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Published: June 21st 2011
My quest to experience Tanzania as Tanzanians live it has continued. The past week has been all about hanging out with locals. On Friday night, some colleagues took me to a local restaurant for chips na kuku (fries and chicken) and Tanzanian beer. We then went to a place called Bilikana, which is a fancy (by Tanzanian standards) dance club that got packed wall to wall by 1am. We danced until 3am, when I thought I would pass out from exhaustion. But it was such a fun night! And it was nice to bond with my colleagues, with whom I communicate every day but only see every few months. And it was especially sweet when I was told that they would love to have me here full time because I have done so much for the research part of their programs. “We are proud of you, Michelle.” My heart melted.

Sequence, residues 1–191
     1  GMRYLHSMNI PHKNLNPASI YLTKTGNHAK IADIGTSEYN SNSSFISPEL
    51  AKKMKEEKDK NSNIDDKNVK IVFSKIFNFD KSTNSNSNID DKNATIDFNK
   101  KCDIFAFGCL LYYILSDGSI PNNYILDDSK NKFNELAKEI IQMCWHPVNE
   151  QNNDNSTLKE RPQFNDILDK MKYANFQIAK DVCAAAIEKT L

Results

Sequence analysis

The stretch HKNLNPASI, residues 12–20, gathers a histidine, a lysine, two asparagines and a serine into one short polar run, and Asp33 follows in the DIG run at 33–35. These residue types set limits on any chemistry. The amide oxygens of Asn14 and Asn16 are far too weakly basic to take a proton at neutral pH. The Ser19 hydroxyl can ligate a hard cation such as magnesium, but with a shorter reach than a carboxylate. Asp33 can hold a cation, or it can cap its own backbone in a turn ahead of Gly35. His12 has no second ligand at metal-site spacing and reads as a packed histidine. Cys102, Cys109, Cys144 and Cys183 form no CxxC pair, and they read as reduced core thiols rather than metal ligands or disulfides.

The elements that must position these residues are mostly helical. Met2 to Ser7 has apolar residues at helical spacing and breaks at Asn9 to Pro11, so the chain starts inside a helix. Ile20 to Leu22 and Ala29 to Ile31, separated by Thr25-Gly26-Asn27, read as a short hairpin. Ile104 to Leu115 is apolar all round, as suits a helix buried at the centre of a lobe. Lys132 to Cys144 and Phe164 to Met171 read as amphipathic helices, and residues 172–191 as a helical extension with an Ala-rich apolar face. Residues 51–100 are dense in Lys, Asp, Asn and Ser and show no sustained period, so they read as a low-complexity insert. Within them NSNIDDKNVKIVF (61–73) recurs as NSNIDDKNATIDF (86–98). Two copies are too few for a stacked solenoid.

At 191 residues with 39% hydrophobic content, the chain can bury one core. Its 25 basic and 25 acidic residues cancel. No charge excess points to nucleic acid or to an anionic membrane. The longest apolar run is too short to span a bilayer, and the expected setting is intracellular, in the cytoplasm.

Saturday I flew to Mwanza to prepare for part 2 of the questionnaire training. I have made a small group of friends here, thanks to a project that brought me here during my first trip to the country. Saturday night I did the whole party thing again. This time to
I ordered tilapia filet, but it's rare that your order actually comes back correctly.
a place I had been to before—Club Lips. Last time the DJ played oldie American dance tunes, but this time it was mostly bongo flava hip hop, Congolese music, and some South African dance songs, to which I learned the dance steps. I love the way African men just get up and dance, not stand on the perimeter of the club, creepily eyeing women they’d like to fuck. They dance like no one’s watching, and they have a blast. They even dance in groups with each other. And they definitely know how to move! This time we danced until 4am. And by the end I was drenched in sweat and my legs were hurting.